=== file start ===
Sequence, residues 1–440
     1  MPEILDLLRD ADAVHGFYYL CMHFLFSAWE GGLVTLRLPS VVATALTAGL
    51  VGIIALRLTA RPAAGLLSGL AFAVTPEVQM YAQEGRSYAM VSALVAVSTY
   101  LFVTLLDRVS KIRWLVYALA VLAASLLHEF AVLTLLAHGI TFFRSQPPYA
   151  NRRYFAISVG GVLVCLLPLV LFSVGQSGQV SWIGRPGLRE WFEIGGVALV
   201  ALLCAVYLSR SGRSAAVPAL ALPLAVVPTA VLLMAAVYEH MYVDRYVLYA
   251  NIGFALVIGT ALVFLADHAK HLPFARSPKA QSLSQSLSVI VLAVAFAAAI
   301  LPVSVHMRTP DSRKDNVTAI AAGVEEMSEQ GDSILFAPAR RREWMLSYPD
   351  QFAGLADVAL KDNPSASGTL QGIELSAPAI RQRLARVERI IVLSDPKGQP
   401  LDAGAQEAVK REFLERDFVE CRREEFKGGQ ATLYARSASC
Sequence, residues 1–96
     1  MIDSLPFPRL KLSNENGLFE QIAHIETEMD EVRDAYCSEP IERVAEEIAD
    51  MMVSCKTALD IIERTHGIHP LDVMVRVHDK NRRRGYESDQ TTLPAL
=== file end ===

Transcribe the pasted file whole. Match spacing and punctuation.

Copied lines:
Sequence, residues 1–440
     1  MPEILDLLRD ADAVHGFYYL CMHFLFSAWE GGLVTLRLPS VVATALTAGL
    51  VGIIALRLTA RPAAGLLSGL AFAVTPEVQM YAQEGRSYAM VSALVAVSTY
   101  LFVTLLDRVS KIRWLVYALA VLAASLLHEF AVLTLLAHGI TFFRSQPPYA
   151  NRRYFAISVG GVLVCLLPLV LFSVGQSGQV SWIGRPGLRE WFEIGGVALV
   201  ALLCAVYLSR SGRSAAVPAL ALPLAVVPTA VLLMAAVYEH MYVDRYVLYA
   251  NIGFALVIGT ALVFLADHAK HLPFARSPKA QSLSQSLSVI VLAVAFAAAI
   301  LPVSVHMRTP DSRKDNVTAI AAGVEEMSEQ GDSILFAPAR RREWMLSYPD
   351  QFAGLADVAL KDNPSASGTL QGIELSAPAI RQRLARVERI IVLSDPKGQP
   401  LDAGAQEAVK REFLERDFVE CRREEFKGGQ ATLYARSASC
Sequence, residues 1–96
     1  MIDSLPFPRL KLSNENGLFE QIAHIETEMD EVRDAYCSEP IERVAEEIAD
    51  MMVSCKTALD IIERTHGIHP LDVMVRVHDK NRRRGYESDQ TTLPAL